“Actually, no, that’s not the truth, Ellen.”
Since that fateful exchange, countless accusations surrounding the talk show host have gained momentum. The most notable example from Kevin T Porter, a writer and comedian, whose March Twitter thread called for people to share their stories of DeGeneres’s allegedly abhorrent behaviour, directly contradicting the show’s central “be kind” message.
The thread received over 3,000 responses with people eagerly sharing their experiences of working, often very briefly, for the star’s popular talk show.
DeGeneres’s success has been based on her perceived likability and her replacement has to live up to that.
However, I think we have moved past the need for unthreatening queerness.
Being a notable, likeable queer does not translate to advances in LGBT+ rights.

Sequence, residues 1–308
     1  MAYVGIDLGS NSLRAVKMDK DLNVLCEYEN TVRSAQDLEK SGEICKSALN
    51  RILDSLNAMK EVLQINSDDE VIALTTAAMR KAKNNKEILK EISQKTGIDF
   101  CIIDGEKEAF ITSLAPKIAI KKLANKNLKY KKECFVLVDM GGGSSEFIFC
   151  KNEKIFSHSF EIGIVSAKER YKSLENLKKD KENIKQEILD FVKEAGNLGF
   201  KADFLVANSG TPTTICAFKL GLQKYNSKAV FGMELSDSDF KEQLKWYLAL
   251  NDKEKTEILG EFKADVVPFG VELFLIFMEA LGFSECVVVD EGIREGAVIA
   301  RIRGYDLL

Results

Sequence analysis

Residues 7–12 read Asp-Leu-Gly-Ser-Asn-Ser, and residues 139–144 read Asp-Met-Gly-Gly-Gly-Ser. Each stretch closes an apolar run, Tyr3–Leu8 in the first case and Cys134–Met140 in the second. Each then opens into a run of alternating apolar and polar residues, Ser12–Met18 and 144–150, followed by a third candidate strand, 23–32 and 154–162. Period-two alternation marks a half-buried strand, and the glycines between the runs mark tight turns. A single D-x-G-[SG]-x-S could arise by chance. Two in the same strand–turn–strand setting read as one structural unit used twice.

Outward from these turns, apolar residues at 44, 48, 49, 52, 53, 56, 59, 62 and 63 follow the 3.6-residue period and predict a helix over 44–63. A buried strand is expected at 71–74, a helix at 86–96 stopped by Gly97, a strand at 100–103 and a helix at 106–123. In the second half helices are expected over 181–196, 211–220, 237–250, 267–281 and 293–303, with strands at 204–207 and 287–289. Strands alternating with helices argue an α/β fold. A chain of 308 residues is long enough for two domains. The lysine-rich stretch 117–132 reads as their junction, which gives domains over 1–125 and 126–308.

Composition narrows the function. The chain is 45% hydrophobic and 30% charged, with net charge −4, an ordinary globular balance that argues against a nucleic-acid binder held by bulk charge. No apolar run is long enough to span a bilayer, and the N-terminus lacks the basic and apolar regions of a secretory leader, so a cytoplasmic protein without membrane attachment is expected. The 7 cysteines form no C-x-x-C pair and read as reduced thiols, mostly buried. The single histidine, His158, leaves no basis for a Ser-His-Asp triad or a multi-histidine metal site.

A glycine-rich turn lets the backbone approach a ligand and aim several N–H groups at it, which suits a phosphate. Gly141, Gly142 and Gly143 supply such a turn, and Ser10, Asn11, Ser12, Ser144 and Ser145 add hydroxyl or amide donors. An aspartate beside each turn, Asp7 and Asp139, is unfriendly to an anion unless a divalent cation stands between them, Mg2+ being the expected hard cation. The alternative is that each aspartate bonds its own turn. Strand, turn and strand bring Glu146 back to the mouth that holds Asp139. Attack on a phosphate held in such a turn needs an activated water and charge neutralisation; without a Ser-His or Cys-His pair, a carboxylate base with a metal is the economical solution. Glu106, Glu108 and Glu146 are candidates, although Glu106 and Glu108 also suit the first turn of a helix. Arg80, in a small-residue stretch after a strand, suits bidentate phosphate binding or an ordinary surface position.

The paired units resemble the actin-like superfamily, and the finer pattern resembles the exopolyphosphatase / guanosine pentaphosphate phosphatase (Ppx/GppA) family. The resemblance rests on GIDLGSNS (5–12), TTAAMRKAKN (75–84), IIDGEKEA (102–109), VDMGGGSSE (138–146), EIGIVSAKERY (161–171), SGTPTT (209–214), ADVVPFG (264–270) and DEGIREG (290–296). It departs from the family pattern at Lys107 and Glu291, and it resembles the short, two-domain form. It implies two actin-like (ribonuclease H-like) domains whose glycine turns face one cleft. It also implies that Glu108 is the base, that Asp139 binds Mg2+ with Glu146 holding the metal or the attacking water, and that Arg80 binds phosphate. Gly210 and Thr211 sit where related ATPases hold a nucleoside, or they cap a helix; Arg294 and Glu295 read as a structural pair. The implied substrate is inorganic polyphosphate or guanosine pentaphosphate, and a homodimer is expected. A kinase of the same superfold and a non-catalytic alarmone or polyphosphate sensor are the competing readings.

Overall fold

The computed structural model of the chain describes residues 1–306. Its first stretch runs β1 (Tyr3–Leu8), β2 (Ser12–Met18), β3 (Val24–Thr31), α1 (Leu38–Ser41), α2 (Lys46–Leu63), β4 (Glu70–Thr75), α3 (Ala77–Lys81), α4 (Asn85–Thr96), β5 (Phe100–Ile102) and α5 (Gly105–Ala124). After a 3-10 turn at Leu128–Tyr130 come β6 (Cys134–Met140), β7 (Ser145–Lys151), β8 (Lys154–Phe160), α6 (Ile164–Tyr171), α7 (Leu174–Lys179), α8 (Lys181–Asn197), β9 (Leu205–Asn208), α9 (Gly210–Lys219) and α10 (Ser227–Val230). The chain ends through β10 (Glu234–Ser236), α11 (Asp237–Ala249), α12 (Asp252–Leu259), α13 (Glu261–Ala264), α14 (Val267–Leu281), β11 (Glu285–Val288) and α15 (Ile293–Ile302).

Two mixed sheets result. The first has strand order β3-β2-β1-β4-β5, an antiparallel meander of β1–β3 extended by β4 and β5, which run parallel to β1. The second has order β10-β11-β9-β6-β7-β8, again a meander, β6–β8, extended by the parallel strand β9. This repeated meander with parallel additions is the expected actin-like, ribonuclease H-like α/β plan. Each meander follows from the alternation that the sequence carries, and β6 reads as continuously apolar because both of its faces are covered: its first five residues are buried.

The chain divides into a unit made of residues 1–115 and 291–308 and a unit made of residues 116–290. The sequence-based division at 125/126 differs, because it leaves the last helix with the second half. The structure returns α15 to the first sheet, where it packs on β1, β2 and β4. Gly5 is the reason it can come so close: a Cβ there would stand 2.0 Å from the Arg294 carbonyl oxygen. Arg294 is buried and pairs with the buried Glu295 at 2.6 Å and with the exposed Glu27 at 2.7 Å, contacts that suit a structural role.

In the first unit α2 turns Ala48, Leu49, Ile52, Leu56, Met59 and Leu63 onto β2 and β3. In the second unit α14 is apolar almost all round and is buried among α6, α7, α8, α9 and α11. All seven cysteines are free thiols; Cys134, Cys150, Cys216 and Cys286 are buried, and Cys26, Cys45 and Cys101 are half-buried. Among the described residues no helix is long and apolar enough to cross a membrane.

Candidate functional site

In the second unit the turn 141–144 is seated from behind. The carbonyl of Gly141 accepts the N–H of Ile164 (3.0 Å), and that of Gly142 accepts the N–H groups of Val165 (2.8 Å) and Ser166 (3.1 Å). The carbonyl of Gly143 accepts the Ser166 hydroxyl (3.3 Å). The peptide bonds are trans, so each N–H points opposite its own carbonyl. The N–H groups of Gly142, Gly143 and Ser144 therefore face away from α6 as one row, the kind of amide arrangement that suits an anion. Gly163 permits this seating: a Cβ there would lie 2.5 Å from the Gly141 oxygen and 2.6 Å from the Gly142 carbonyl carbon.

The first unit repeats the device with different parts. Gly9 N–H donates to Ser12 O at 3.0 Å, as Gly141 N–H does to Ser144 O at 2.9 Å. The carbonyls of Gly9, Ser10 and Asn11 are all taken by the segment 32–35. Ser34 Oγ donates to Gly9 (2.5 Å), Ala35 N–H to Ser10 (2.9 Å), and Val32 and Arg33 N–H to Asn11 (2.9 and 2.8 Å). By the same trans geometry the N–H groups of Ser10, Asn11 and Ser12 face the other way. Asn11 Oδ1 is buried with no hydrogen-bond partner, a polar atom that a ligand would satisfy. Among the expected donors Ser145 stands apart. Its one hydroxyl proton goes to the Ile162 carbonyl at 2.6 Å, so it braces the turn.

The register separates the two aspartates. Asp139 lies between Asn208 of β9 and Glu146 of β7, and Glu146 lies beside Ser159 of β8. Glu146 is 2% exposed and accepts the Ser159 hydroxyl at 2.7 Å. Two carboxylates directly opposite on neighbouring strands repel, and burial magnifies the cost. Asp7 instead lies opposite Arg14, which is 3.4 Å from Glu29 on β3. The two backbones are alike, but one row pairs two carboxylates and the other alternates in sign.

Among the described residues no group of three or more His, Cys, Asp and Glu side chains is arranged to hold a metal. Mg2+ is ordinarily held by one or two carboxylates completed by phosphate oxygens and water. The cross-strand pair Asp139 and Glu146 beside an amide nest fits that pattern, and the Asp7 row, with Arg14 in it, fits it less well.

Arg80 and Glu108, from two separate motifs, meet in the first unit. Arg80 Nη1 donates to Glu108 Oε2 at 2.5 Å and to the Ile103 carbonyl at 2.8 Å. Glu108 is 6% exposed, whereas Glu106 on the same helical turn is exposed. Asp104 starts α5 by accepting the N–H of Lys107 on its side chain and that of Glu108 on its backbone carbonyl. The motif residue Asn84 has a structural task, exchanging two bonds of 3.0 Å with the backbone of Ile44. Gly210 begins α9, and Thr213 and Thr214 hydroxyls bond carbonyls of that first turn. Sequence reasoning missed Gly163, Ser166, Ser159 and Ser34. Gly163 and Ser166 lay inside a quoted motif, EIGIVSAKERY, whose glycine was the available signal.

Many of those who watch The Ellen DeGeneres Show will laugh along at her jokes and then switch off their televisions and vote for politicians who are actively working to restrict her rights.
If 2020 has shown us anything, it’s that we aren’t as far along in the fight for equality as we thought we were. Being visible is no longer enough, her replacement needs to be a visible, vocal advocator.
DeGeneres’s position as a high profile lesbian and how the landscape of LGBT+ rights has shifted since she came out is something that will never be forgotten.
But perhaps it’s time we make space for other queer voices and more diverse queer stories to enter people’s homes through daytime television.
Because although DeGeneres’s decision to live her life openly has opened doors for many, perhaps her palpable queerness has left many others behind.